Hatch received a Form 1099-MISC for his winnings. In the United States, winnings from contests are taxable. Hatch claims that CBS and/or the producers of Survivor promised him that they would pay his taxes. (Both CBS and the producers of Survivor deny this charge.)

Of course Mr. Hatch failed to pay the taxes on income he earned in front of millions, serving a prison sentence as a result.  Sometimes watching somebody else get into real trouble can be instructive.

Share

Tax Roundup, 1/31/2013: Happy IRA mulligan day! And on brief, the Tax Update!

Thursday, January 31st, 2013 by Joe Kristan

20111109-1Today is the last day to make a charitable IRA rollover for 2012.  Yes, 2012 is over, but taxpayers who are required to make IRA minimum annual distributions may still have one 2012 transaction left in them.

Taxpayers who are born before July 1, 1942 who took cash from an IRA in December 2012 can contribute up to $100,000 to a charity today and have it excluded from their 2012 income.

Taxpayers who have failed to take their required minimum 2012 distribution can avoid the 50% penalty for failing to take their distribution by arranging for the IRA to transfer the minimum amount, up to $100,000, to a charity today.

These opportunities are part of the retroactive extension of the rule allowing up to $100,000 to be transferred from an IRA directly to a charity without including the amount in the IRA owner’s income.  This avoids the 50% of AGI charitable contribution limit.  It also avoids other potentially unpleasant consequences of having the IRA income above-the-line, like making your Social Security taxable.

 

On brief, the Tax Update Blog.  The Institute for Justice, the victorious legal team behind the shutdown of the preparer regulation program, has filed a brief opposing a stay in the injunction against the program.  Making their case airtight, they cite the Tax Update, along with tax bloggers Kelly Phillips Erb (TaxGrrrl), Robert D. Flach  and Jason Dinesen.  From Footnote 18 of the brief:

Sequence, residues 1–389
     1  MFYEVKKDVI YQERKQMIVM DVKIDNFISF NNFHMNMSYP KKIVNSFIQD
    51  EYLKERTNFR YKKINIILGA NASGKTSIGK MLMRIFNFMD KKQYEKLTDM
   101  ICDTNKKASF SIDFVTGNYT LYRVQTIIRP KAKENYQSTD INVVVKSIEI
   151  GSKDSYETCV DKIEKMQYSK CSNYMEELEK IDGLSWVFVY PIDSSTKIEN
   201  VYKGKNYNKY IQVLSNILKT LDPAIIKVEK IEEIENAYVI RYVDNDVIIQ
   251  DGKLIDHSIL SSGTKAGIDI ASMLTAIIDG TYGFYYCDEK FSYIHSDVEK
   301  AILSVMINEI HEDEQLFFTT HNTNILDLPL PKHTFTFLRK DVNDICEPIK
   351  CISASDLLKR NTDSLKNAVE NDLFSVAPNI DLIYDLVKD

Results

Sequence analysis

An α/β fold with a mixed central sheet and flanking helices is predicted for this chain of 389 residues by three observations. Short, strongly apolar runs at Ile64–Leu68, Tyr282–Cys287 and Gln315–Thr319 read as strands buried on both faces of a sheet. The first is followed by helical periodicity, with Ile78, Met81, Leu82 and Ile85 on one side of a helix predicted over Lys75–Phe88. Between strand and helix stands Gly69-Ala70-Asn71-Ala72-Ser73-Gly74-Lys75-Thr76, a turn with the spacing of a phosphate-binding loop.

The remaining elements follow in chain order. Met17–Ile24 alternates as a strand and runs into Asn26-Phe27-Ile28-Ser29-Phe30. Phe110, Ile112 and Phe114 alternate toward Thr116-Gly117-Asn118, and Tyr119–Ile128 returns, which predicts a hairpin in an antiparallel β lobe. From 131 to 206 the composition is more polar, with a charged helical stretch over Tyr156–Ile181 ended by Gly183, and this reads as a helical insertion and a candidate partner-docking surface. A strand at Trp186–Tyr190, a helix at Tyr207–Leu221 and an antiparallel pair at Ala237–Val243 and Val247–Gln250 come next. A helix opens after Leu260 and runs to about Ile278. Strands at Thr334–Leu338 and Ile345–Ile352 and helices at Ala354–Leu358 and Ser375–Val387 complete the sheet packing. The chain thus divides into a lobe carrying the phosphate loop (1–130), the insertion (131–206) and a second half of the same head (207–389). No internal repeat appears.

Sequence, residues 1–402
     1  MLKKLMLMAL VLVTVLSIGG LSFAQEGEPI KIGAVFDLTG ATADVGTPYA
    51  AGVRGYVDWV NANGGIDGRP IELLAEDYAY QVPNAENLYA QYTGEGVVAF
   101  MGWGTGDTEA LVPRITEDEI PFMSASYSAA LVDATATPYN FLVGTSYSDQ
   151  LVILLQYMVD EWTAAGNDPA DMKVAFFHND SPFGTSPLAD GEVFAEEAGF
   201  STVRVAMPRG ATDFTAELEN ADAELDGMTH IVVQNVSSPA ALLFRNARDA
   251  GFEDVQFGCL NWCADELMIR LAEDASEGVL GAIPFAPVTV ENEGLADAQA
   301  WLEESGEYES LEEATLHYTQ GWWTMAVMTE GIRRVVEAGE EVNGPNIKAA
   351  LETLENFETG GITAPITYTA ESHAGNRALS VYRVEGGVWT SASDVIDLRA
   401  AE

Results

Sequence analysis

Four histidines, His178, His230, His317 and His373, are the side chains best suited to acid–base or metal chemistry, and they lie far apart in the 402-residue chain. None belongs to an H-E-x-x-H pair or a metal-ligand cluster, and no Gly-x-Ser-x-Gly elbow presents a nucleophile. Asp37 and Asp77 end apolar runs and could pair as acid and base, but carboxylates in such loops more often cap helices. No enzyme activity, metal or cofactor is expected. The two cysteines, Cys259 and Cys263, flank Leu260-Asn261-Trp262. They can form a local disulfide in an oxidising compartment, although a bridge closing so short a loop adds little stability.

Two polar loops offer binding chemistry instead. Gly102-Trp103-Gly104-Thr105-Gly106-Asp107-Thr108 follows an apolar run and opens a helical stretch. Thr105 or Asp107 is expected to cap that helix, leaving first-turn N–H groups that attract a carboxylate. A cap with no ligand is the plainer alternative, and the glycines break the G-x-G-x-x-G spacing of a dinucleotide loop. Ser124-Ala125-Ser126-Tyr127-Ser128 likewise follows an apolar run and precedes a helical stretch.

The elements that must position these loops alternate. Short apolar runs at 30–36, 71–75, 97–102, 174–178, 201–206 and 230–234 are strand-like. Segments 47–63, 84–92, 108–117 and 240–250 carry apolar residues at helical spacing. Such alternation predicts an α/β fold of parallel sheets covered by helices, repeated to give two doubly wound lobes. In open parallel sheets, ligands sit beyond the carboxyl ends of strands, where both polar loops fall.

For an example of the disruption routinely caused by the IRS’s misadministration of the RTRP regulations, see Alban Decl., Ex. 3 (the comments from preparers are illustrative and reference previous examples of similar disruptions); see also Joe Kristan, IRS quietly delays CPE requirement under new preparer regulation scheme , Tax Update Blog (January 8, 2013), http://rothcpa.com/2013/01/irs-quietly-delays-cpe-requirement-under-new-preparer-regulationscheme/ (describing IRS message as “a quiet admission of failure”).

With the Tax Update Blog on their side, who can be against them?

 

What does a poor college student have that could be lucrative to a thief? A Social Security number.  From the Memphis Business Journal:

With tax season bearing down, the IRS has a warning about a new refund scam aimed at college students, seniors and church members.